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, , τό IN HOMER

1100. In Homer , , τό is usually a demonstrative pronoun and is used substantively or adjectively; it also serves as the personal pronoun of the third person: ““ἀλλὰ τὸ θαυμάζωbut I marvel at thisδ 655, τὸν λωβητῆρα ἐπεσβόλον this prating brawler B 275, τὴν δ᾽ ἐγὼ οὐ λύ_σω but her I will not release A 29.

1101. In its substantival use either marks a contrast or recalls the subject (the anaphoric use). But with ἀλλά, δέ, αὐτάρ the subject is generally changed. It often precedes an explanatory relative clause: τῶν οἳ νῦν βροτοί εἰσι of those who are now mortal men A 272.

1102. , , τό often approaches to its later use as the definite article or is actually so used: τὸν μέν . . . τὸν δ᾽ ἕτερον E 145 (cp. 1107). a. The substantive often stands in apposition, and is added, as an afterthought, to the demonstrative (especially δέ) which is still an independent pronoun: ““αὐτὰρ τοῖσι γέρων ὁδὸν ἡγεμόνευενbut he, the old man, was leading the way for themω 225. In some cases the appositive is needed to complete the sense: ““ἐπεὶ τό γε καλὸν ἀκουέμεν ἐστὶν ἀοιδοῦsince this—to listen to a minstrel—is a good thingα 370. b. Often with adjectives and participles used substantively, with pronouns, and adverbs; especially when a contrast or distinction is implied: ““οἱ ἄλλοιthe othersΦ 371, τὰ ἐσσόμενα the things that are to be A 70, τὸ πάρος formerly N 228. The attributive adj. before the noun: ““τοὺς σούςthyΨ 572, ““τὰ μέγιστα ἄεθλαthe greatest prizesΨ 640; and in apposition: Ἶρον τὸν ἀλήτην Irus, the beggar ς 333. Hom. has πατὴρ οὑμός Θ 360 (but does not use πατὴρ ἐμός).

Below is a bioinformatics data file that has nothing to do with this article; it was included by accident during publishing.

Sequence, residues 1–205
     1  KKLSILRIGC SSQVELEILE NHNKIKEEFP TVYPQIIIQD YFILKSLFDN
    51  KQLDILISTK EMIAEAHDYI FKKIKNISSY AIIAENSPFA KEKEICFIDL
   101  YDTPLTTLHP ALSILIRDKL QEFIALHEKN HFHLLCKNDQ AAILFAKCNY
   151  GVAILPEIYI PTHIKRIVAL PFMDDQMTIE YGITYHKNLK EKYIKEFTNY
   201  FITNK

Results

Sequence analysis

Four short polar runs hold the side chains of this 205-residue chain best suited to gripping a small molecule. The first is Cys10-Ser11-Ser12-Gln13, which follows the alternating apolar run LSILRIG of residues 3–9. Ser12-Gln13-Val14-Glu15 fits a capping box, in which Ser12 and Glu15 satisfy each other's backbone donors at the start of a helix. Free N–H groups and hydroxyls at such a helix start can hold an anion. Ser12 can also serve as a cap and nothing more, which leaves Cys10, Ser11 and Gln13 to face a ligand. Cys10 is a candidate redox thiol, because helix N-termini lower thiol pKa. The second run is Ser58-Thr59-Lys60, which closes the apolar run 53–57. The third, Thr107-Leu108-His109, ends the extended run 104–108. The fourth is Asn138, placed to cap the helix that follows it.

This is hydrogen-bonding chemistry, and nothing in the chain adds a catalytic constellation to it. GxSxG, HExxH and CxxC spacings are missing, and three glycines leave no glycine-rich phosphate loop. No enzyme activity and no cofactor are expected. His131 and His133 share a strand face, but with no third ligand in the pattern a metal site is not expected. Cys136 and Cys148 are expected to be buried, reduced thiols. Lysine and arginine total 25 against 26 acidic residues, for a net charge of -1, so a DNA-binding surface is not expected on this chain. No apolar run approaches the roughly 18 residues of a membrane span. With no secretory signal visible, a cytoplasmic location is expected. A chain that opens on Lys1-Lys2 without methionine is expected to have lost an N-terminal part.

1103. In Hom. contrasts two objects, indicates a change of person, or a change of action on the part of the same person. Attic defines.

1104. The transition from the demonstrative to the article is so gradual that it is often impossible to distinguish between the two. Ordinarily Homer does not use the article where it is required in Attic prose. The Epic use is adopted in general by the lyric poets and in the lyric parts of tragedy. Even in tragic dialogue the article is less common than in prose. Hdt. has δέ and he, γάρ for he.

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